CHAPTER X. PAGES 127-147.
Erroneous ideas as to the objects of the Company. Difficult to steal Highlanders 'trowsers. Natives ' take no thought for the morrow.' The Company does not engage in trade or agriculture. The Company's capital is a loan to the country, to be repaid with interest as the country developes under its administration. Large area of land to be disposed of without encroaching on native rights. Land sales regulations. Registration of titles. Minerals reserved. Trnnfer from natives to foreigners effected through the Government. Form of Government the Governor, Residents, &c. Laws and Proclamations. The Indian Penal, Criminal, and Civil procedure codes adopted. Slavery provision in the Charter regarding. Slave legislation by the Company. Summary of Mr. Witti's report on the slave system. Messrs. Everett and Fryer's reports. Commander Edwards, R.N., attacks the kidnapping village of Teribas in H.M.S. Kestrel. Slave keeping no longer pays. Religious customs of the natives preserved by the Charter. Employment of natives as Magistrates, &c. Head-hunting. Audit of 'Heads Account.'Human sacrifices. Native punishments for adultery and theft. Causes of scanty population. Absence of powerful warlike tribes. Head hunting its origin. An incident in Labuan. Mr. A. Cook. Mr. Jesse's report on the Muruts to the East India Company. Good qualities of the aborigines. Advice to young officers. The Muhamadans of the coast, the Brunais, Sulus, Bajows. Capture by Bnjows of a boat from an Austrian frigate. Baron esterreicher. Gambling and cattle lifting. The independent intervening rivers. P'atal affray in the Kawang river : death of de Fontaine, Fraser and others. Mr. Little. Mr. Whitehead. Bombardment of Bajow villages by Captain A. K. Hope, R.N., H.M.S. Zephyr. Captain Alington, R.N., in H.M.S. Satellite. The Illanuns and Balinini. Absence of Negritos. The ' tailed' people. Desecration of European graves. Muhamadans' sepulture. Burial customs of the aborigines.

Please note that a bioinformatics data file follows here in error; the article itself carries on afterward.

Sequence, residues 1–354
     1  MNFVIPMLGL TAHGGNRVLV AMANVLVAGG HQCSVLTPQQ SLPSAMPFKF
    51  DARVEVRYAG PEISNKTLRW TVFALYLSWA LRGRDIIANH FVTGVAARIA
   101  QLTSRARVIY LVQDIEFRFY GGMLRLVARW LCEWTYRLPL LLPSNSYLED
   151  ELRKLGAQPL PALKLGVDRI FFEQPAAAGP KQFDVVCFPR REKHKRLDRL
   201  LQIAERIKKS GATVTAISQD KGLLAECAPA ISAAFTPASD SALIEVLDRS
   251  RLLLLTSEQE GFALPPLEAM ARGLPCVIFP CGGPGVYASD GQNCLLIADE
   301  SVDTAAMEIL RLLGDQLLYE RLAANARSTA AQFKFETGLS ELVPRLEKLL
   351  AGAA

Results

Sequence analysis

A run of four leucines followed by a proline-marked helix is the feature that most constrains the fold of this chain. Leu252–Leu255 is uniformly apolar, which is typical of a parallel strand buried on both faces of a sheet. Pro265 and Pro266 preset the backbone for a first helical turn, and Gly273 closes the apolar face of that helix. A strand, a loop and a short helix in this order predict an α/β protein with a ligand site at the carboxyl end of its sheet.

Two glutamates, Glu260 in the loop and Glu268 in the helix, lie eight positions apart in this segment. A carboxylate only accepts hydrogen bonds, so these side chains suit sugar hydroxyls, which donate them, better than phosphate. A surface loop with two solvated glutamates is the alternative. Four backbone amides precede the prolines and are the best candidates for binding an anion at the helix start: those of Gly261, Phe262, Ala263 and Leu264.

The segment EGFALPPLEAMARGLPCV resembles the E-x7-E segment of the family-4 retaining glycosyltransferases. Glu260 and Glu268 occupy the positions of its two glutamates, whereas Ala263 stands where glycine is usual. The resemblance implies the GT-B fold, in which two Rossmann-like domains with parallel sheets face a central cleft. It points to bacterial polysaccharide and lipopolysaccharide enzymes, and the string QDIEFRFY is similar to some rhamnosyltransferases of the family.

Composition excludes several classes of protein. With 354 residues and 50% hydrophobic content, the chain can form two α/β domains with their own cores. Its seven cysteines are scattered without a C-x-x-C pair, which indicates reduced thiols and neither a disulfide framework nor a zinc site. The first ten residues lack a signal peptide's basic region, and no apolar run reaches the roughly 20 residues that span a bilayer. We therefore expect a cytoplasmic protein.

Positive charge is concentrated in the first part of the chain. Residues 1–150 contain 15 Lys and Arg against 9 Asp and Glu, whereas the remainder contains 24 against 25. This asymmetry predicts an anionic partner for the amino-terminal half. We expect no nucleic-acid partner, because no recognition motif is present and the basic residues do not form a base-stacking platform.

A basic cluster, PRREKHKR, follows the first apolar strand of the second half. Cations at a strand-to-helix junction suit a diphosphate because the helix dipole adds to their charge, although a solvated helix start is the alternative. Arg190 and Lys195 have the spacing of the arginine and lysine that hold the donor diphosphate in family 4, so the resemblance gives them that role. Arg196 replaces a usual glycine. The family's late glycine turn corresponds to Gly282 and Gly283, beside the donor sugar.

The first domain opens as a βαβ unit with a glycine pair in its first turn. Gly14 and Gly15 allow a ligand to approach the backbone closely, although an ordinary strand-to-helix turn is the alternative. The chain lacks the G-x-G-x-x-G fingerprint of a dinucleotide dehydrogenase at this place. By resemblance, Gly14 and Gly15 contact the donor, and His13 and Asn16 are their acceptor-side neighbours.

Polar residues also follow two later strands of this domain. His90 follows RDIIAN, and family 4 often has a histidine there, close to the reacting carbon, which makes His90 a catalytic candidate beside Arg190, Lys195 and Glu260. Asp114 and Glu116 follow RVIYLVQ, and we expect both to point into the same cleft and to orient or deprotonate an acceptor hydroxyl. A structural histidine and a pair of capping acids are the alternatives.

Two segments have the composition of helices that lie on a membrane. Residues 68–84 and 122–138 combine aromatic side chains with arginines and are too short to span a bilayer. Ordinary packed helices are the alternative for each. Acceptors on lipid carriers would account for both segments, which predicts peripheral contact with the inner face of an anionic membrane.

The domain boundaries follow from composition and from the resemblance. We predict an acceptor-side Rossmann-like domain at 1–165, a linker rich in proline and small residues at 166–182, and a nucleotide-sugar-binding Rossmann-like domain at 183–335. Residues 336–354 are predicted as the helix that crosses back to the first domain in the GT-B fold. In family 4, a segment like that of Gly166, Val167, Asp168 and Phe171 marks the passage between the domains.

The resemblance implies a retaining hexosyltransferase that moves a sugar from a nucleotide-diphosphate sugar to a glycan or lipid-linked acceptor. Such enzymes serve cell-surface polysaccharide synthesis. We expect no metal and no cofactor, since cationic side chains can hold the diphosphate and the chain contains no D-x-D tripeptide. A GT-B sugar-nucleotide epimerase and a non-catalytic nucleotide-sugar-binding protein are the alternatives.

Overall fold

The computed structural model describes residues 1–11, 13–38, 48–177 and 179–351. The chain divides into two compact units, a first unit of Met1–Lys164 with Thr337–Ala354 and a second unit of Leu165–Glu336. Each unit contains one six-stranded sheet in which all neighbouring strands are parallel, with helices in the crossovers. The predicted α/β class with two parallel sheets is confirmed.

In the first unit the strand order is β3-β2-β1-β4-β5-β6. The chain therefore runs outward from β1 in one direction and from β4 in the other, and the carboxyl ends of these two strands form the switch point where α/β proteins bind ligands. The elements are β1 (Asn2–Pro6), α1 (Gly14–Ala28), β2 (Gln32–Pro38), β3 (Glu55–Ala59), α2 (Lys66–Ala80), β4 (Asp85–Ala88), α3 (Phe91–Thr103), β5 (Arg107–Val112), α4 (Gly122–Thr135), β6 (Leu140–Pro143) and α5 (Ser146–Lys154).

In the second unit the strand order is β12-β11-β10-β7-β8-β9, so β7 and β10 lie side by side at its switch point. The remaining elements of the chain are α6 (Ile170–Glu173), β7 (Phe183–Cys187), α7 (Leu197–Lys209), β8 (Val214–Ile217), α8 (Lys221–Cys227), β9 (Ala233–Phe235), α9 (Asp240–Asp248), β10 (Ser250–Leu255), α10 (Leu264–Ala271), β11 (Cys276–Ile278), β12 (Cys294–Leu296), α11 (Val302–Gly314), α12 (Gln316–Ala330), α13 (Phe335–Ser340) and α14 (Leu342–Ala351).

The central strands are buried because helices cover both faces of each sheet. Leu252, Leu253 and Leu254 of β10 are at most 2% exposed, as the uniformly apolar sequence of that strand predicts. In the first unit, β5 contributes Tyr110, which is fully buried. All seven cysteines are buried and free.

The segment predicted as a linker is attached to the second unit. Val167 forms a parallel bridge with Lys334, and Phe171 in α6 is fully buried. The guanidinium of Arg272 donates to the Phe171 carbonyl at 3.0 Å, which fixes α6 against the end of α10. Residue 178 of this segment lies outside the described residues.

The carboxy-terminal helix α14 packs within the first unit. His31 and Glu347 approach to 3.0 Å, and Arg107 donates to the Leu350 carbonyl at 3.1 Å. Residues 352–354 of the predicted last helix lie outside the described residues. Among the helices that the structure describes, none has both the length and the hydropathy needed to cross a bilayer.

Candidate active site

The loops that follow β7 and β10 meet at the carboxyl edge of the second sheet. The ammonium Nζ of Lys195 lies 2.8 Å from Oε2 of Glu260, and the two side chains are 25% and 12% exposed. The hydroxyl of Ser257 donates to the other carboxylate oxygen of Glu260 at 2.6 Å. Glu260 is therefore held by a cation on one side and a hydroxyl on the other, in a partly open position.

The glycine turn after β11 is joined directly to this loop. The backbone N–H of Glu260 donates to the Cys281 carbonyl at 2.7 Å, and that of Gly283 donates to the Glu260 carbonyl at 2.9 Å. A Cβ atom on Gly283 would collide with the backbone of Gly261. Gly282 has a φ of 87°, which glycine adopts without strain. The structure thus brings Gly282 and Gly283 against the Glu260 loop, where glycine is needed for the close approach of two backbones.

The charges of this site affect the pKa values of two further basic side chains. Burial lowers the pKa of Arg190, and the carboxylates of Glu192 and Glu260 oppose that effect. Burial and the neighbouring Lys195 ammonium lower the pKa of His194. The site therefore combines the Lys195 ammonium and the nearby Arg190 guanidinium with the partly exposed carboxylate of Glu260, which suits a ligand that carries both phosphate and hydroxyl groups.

CHAPTER XL PAGES 147-165.
Importance of introducing Chinese into Borneo. Java not an example. Sir Walter Medhurst Commissioner of Chinese immigration. The Hakka Chinese settlers. Sir Spencer St. John on Chinese immigration. The revenue and expenditure of the territory. Zeal of the Company's officers. Armed Sikh and Dyak police. Impossible to raise a native force. Heavy expenditure necessary in the first instance. Carping critics. Cordial support from Sir Cecil Clement! Smith and the Government of the Straits Settlements. Visit of Lord Brassey his article in the 'Nineteenth Century.' Further expenditure for roads, &c., will be necessary. What the Company has done for Borneo. Geographical exploration. Witti and Hatton. The lake struck off the map. Witti's murder. Hatton's accidental death. Admiral Mayne, C.B. The Sumpitan or Blow-pipe. Errors made in opening most colonies, e.g. the Straits Settlements. The future of the country. The climate not unhealthy as a rule. Ladies. Game. No tigers. Crocodiles. The native dog. Pig and deer. Wild cattle. Elephants and Rhinoceros. Bear. Orang-utan. Long-nosed ape. Pheasants. The Company's motto Pergo et perago.
You can download it for free here; British Borneo-sketches of Sabah, Sarawak, Labuan and North Borneo by W.H Treacher-1891